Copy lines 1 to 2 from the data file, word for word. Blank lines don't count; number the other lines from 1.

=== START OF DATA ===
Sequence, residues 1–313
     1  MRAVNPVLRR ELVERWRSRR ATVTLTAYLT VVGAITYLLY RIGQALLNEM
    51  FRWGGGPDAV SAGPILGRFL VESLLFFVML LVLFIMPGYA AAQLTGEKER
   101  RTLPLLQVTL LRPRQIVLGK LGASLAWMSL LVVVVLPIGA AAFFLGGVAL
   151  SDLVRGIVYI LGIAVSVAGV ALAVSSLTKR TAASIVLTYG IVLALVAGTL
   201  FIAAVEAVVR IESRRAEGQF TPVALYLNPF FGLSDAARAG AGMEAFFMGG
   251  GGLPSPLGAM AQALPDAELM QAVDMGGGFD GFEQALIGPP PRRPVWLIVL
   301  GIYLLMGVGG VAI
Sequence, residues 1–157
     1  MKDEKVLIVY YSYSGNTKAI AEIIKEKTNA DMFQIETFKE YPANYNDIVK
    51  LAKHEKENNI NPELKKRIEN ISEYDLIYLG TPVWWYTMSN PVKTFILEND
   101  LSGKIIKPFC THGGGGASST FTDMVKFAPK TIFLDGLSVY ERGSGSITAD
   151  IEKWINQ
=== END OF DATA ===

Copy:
Sequence, residues 1–313
     1  MRAVNPVLRR ELVERWRSRR ATVTLTAYLT VVGAITYLLY RIGQALLNEM